Acronyms and Industry Terms of the Construction Industry
Sometimes architects speak their own archispeak with words like WELL, LEED, BIM, built environment, biophilia, and ROM. The other day we used Google to figure out what ROM meant from an architect standpoint, and then translated the literal meaning from Rough Order of Magnitude to the simplistic meaning of just a rough estimate.
The construction industry requires understanding acronyms and industry terms from architects to metal fabricators to general contractors. Be careful of any miscommunication missteps. If Google can’t answer, you have to take the chance of feeling stupid and ask.
Here are commonly used metal fabrication industry terms:
- BIM Modeling—BIM is an acronym for Building Information Modelling, or Building Information Model. It describes the process of designing a building collaboratively using one coherent system of computer models rather than as separate sets of drawings.
- TEKLA—A software program with an open approach to BIM for computer aided design.
- Shop Drawings—Detailed construction and fabrication drawings that show the proposed material, shape, size, and assembly of the parts and how the entire unit will be installed. (Read more: http://www.businessdictionary.com/definition/shop-drawings.html)
- As Built Drawing—Revised set of drawing submitted by a contractor upon completion of a project or a particular job. They reflect all changes made in the specifications and working drawings during the construction process, and show the exact dimensions, geometry, and location of all elements of the work completed under the contract.
- Submittals—Submittals in construction management are shop drawings, material data, samples, and product data. Submittals are required primarily for the architect and engineer to verify that the correct products will be installed on the project.
- Galvanizing—Process in which a zinc film is deposited on goods made of steel to provide long term (generally 10 to 30 years) corrosion protection and abrasion resistance.
- Anodizing—Coating (a metal, especially aluminum) with a protective oxide layer by an electrolytic process in which the metal forms the anode.
- CAD—Use of computers in designing, drafting, and/or modeling parts, products, or structures.
- Extrusion—Manufacturing process in which a softened blank of a metal or plastic material is forced through a shaped metal piece or die to produce a continuous ribbon of the formed product.
- MIG—MIG welding is an arc welding process in which a continuous solid wire electrode is fed through a welding gun and into the weld pool, joining the two base materials together.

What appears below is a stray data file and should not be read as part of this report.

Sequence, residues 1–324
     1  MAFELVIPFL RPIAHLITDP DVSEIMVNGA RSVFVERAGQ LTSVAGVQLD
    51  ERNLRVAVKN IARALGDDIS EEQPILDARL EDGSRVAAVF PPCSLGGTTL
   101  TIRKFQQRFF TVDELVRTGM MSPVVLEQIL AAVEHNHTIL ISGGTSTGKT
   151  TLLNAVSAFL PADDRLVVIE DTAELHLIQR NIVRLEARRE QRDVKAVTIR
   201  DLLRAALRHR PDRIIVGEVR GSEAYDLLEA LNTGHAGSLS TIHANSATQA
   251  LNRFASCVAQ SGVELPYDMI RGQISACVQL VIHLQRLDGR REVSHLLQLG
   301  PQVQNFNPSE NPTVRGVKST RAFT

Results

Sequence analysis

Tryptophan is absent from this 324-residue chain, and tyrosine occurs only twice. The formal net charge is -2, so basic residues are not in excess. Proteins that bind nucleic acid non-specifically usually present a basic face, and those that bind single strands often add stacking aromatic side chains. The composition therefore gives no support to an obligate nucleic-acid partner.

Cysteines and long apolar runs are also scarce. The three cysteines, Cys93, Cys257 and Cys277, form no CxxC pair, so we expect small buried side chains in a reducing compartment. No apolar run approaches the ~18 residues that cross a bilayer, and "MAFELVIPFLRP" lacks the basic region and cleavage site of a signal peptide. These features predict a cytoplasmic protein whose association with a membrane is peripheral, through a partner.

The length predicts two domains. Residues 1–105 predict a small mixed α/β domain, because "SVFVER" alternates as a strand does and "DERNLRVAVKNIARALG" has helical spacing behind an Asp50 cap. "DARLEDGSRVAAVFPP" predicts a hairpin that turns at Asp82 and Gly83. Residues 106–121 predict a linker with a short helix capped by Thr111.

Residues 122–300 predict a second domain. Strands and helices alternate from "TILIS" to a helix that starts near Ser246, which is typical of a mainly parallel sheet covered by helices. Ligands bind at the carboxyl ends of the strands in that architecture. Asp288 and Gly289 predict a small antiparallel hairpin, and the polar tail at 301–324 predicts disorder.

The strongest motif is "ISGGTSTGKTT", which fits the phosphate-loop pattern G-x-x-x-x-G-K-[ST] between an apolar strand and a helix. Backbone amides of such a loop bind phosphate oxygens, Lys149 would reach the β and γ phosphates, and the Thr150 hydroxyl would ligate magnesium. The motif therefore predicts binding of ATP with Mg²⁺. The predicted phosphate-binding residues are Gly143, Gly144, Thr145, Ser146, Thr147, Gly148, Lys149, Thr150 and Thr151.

- Shear / Shearing—Shearing is a metal fabricating process used to cut straight lines on flat metal stock. During the shearing process, an upper blade and a lower blade are forced past each other with the space between them determined by a required offset.
- Punching—Punching is a metal fabricating process that removes a scrap slug from the metal work piece each time a punch enters the punching die. This process leaves a hole in the metal work piece.
- Fitter—A metal fabricator (fitter) lays out, prepares and assembles structural steel and metal vessels, containers and miscellaneous components.
- Ironworker—A structural/ ornamental Ironworker, fabricates and erects (or even dismantles) the structural steel framework of pre-engineered metal buildings, single and multi-story buildings, stadiums, arenas, hospitals, towers, wind turbines, and bridges.
- Egress Stair—“Egress” refers to an entire exit system from a building: stairs, corridors, and evacuation routes outside the building. Each state’s building code specifies a certain number of means of egress, depending on the size and purpose of the structure.
- Nosing—The horizontal projection of an edge from a vertical surface, such as the nosing on a stair tread.
- Riser—A vertical section between the treads of a staircase.
- Tread—The horizontal surface of a stair resting on the riser. The tread is the part of the stairs that is stepped on.
- Fab Drawings—The fabrication drawing is a specific type of detail drawing. Some fabrication drawings are virtually assembly drawing e.g. when a number of items are assembled together as a fabrication. The fabrication drawing generally includes a material parts list identifying all of the materials used to build up the fabrication.
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